« Reply #290 on: August 05, 2014, 02:02:23 PM »

DC is apparently renumbering the exits on I-295.  Last weekend, I took I-295 to Suitland Parkway, and some (not all) of the signs for exits 3A and 3B had been changed to 4A and 4B.
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Re: District of Columbia
« Reply #291 on: August 05, 2014, 02:28:12 PM »

DC is apparently renumbering the exits on I-295.  Last weekend, I took I-295 to Suitland Parkway, and some (not all) of the signs for exits 3A and 3B had been changed to 4A and 4B.

Thanks for the report.  I'm in a brief break between trips, won't have time to check out anytime soon the newest exit renumberings on I-295 and elsewhere in D.C., but it sounds like this is a moving target and DDOT won't be finished for awhile.
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Re: District of Columbia
« Reply #292 on: August 27, 2014, 06:57:50 AM »

WTOP Radio: Woman gets tickets for license plates that don't exist

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Since 2010, a Maryland driver has been getting parking tickets in the mail from D.C. for different cars with a vanity plate, none of which belong to her.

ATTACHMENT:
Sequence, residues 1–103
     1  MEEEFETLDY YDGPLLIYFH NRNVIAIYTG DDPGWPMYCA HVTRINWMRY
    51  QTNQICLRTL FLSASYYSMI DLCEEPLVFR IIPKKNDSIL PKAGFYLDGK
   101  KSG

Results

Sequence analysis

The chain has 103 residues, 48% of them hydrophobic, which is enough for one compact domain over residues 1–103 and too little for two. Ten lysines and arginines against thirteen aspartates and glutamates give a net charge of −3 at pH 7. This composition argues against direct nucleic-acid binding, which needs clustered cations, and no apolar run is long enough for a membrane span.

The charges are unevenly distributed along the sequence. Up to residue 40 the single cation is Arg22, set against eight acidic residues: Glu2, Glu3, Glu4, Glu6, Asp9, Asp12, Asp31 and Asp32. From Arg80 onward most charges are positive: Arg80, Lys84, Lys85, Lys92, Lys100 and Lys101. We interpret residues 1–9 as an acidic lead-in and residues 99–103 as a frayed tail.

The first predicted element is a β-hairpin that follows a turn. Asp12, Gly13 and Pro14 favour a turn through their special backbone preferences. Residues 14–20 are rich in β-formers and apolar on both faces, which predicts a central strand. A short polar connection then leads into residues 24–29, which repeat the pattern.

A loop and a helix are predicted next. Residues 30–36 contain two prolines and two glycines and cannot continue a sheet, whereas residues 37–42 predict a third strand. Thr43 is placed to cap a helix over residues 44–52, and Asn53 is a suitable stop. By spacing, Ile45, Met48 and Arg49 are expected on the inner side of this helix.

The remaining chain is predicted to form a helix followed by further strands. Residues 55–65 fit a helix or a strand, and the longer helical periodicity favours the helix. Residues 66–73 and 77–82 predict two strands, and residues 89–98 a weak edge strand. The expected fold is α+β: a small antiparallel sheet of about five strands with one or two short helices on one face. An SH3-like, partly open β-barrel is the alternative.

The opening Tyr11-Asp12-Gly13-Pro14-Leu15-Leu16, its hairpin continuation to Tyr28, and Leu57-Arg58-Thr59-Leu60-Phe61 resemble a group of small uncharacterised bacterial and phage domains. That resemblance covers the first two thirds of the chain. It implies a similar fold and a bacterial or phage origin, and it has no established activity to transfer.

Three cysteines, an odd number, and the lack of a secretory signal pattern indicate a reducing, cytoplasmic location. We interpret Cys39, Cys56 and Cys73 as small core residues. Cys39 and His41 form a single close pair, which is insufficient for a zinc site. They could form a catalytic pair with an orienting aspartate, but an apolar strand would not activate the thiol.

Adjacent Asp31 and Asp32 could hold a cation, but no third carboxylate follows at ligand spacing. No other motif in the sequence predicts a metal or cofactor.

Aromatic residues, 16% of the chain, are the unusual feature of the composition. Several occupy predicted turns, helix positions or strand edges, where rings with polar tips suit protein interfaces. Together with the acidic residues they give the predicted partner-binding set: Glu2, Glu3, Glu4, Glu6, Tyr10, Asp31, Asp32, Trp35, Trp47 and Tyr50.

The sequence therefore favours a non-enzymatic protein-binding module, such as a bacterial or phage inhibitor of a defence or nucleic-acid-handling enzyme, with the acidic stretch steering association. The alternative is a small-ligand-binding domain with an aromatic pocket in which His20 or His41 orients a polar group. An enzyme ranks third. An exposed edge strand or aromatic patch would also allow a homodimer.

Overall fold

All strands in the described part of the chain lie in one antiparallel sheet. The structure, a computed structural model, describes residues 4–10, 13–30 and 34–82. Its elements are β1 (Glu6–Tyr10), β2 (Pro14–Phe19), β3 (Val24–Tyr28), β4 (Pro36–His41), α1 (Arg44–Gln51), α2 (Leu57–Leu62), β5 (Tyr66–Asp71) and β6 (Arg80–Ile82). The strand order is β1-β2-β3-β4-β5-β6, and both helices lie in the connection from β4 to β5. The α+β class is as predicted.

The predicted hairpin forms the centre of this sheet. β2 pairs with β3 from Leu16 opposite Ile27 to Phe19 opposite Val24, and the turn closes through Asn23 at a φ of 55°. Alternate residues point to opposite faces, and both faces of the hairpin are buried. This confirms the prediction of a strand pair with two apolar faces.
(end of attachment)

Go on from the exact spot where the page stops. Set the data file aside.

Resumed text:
Quote
Amy Mohney, of Burtonsville, is an accountant for the Food and Drug Administration. She owns Maryland license plate CPA-0061. However, the license plate on each of the tickets she's gotten were for a car with Maryland tags 0061 - - no letters, just four numbers.

Quote
Over the last four years, she'd occasionally get tickets in the mail for that license plate. Each listed a different type of car, but each listed 0061 as the license plate. The D.C. Department of Motor Vehicles, which is responsible for adjudicating all tickets issued in the District of Columbia, made each her responsibility.